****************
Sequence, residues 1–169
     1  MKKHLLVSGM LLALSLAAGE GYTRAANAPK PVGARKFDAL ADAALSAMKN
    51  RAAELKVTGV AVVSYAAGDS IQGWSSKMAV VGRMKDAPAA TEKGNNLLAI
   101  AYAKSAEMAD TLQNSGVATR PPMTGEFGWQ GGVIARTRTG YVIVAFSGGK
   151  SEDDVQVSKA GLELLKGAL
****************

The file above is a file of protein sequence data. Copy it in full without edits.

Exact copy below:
Sequence, residues 1–169
     1  MKKHLLVSGM LLALSLAAGE GYTRAANAPK PVGARKFDAL ADAALSAMKN
    51  RAAELKVTGV AVVSYAAGDS IQGWSSKMAV VGRMKDAPAA TEKGNNLLAI
   101  AYAKSAEMAD TLQNSGVATR PPMTGEFGWQ GGVIARTRTG YVIVAFSGGK
   151  SEDDVQVSKA GLELLKGAL